The question is simple, and it’s one of culture, heritage and health, both of the environment and of ourselves: How badly do we want to save our local agricultural producers? Enough to demand our local grocery outlets stock food produced by Nova Scotian farmers? Enough to make a conscious decision to change our buying and eating habits?

“We are honestly at a threshold,” says the Ecology Action Centre’s Jennifer Scott, a food miles analyst, in an email. “We could lose our agriculture, or we could see it blossom into a food web that is the foundation of vital communities.”

Scott calls her idea Eco-Local, to support ecologically produced food and farmers who are “true stewards of the farms---they make sure the livestock is treated humanely and raised in a healthy manner; they ensure nutrients are recycled and water is not polluted; they ensure soil quality is maintained or improved. In essence, an ecological system of growing healthy food is the goal.”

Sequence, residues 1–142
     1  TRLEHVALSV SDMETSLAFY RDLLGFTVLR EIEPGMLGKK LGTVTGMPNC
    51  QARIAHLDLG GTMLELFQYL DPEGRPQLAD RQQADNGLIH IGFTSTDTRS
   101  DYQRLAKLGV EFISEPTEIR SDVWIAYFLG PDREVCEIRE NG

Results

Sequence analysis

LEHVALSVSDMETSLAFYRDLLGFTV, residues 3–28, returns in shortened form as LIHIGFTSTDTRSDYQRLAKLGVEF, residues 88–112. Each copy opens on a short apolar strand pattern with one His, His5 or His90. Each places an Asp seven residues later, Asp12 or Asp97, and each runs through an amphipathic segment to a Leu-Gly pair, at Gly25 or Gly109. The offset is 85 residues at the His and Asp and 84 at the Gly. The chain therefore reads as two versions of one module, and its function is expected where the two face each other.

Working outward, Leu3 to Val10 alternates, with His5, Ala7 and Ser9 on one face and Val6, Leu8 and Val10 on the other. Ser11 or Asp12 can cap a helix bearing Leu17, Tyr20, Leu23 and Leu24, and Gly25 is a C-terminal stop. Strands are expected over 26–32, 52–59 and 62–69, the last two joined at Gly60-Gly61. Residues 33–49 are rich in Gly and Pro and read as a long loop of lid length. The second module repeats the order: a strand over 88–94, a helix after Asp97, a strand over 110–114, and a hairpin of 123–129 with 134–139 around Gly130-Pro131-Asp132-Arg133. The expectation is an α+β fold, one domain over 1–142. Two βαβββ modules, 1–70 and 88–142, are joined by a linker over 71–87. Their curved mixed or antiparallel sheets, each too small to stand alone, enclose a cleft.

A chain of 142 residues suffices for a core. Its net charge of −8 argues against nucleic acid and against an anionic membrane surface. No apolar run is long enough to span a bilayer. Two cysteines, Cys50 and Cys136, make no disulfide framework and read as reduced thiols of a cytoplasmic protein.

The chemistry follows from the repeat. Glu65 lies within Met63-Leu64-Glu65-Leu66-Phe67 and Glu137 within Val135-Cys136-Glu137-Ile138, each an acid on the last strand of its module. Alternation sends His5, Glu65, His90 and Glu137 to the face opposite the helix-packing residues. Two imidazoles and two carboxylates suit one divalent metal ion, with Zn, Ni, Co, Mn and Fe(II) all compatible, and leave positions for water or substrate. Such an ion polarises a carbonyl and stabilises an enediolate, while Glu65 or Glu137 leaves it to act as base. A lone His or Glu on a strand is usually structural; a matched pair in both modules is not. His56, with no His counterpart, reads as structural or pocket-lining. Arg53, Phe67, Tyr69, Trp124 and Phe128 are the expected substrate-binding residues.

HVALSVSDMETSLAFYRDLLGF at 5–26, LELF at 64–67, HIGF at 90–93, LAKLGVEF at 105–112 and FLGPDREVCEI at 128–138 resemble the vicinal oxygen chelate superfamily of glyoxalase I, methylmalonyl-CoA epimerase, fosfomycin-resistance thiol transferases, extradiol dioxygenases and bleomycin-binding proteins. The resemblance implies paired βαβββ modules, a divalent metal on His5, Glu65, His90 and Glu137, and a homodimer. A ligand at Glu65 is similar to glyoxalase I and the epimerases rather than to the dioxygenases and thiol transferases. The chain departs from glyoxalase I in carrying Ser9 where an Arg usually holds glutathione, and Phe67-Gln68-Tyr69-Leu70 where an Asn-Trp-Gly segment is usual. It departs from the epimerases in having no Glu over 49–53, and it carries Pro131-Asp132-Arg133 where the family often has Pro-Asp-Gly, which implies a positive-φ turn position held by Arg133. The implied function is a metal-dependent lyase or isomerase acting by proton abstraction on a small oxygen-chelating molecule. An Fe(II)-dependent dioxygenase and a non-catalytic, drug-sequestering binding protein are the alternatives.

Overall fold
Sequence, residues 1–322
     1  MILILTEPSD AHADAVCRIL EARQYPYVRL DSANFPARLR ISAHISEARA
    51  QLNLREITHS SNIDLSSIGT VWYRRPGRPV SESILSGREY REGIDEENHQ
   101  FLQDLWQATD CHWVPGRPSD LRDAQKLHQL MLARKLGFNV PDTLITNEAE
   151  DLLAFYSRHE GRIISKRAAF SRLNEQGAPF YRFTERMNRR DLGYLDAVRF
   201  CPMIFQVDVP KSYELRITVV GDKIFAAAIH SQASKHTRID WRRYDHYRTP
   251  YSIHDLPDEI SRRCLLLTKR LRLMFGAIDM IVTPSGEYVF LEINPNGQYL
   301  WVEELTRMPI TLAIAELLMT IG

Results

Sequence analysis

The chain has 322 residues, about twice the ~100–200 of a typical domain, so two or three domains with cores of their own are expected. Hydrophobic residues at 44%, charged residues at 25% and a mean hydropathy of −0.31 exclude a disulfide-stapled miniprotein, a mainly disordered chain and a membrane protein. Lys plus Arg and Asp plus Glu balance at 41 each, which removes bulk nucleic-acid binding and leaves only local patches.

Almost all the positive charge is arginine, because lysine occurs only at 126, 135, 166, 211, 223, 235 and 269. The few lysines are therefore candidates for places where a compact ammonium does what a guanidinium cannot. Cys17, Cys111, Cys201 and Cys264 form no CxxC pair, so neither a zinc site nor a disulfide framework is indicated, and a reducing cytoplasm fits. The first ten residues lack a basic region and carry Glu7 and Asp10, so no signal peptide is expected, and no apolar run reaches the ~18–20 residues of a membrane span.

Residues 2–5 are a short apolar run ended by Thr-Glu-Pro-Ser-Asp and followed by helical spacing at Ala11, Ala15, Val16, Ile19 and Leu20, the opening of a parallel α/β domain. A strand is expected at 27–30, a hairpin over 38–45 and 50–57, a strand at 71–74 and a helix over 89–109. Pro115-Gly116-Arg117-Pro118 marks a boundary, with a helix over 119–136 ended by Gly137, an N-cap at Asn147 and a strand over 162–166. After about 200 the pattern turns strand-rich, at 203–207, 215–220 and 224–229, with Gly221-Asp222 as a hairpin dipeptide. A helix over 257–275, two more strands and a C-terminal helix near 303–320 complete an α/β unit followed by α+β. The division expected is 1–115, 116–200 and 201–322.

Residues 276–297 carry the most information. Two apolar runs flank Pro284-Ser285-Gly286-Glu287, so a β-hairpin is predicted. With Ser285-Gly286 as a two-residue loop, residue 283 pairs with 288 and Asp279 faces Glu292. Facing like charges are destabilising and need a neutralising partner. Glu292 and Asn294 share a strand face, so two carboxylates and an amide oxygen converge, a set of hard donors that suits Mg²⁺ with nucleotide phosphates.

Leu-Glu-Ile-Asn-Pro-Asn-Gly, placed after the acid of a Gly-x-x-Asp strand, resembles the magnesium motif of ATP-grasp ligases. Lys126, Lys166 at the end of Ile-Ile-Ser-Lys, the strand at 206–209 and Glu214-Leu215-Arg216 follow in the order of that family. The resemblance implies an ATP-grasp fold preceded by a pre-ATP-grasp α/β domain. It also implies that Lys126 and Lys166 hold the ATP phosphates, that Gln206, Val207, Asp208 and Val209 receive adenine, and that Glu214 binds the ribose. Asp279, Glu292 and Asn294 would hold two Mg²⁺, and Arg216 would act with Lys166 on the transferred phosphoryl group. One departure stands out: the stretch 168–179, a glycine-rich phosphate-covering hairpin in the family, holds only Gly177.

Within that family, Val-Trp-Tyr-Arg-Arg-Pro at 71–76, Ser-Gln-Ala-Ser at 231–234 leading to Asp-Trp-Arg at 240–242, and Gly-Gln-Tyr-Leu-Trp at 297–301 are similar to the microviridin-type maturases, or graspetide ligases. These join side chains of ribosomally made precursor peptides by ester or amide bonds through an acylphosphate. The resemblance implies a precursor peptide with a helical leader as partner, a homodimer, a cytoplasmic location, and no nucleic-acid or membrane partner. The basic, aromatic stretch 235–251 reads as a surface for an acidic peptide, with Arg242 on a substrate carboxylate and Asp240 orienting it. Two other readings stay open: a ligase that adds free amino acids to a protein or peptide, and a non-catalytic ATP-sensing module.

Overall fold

An organic certification inspector for 14 years, Scott respects the organic process and growers a great deal. She stresses that it’s the organic farmers who are the ones willing to subject themselves to a yearly inspection. “Organic growers have worked far too long and hard and I don’t want to betray them,” she says. “But I don’t want to support imported organic at the expense of local organic or local, period.”

Buying locally, whether organic or not, reduces the energy production, the waste and emissions associated with industrially produced and processed food.

“Community-based food is produced on farms that recycle nutrients,” says Scott. “ use community resources (labour, knowledge, composted manure, pasture and forage), and produce food that is sold (or processed and sold) locally. I made the distinction of Eco-local, because of the vision (hope) of all local farms becoming ecological production areas.”

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